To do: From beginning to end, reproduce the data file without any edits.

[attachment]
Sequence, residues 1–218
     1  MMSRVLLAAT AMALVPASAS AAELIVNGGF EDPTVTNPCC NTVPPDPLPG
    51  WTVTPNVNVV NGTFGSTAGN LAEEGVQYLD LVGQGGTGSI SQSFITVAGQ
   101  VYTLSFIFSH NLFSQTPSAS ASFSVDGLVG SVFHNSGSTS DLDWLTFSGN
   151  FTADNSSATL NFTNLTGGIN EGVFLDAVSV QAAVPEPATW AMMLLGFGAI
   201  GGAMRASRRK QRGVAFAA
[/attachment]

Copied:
Sequence, residues 1–218
     1  MMSRVLLAAT AMALVPASAS AAELIVNGGF EDPTVTNPCC NTVPPDPLPG
    51  WTVTPNVNVV NGTFGSTAGN LAEEGVQYLD LVGQGGTGSI SQSFITVAGQ
   101  VYTLSFIFSH NLFSQTPSAS ASFSVDGLVG SVFHNSGSTS DLDWLTFSGN
   151  FTADNSSATL NFTNLTGGIN EGVFLDAVSV QAAVPEPATW AMMLLGFGAI
   201  GGAMRASRRK QRGVAFAA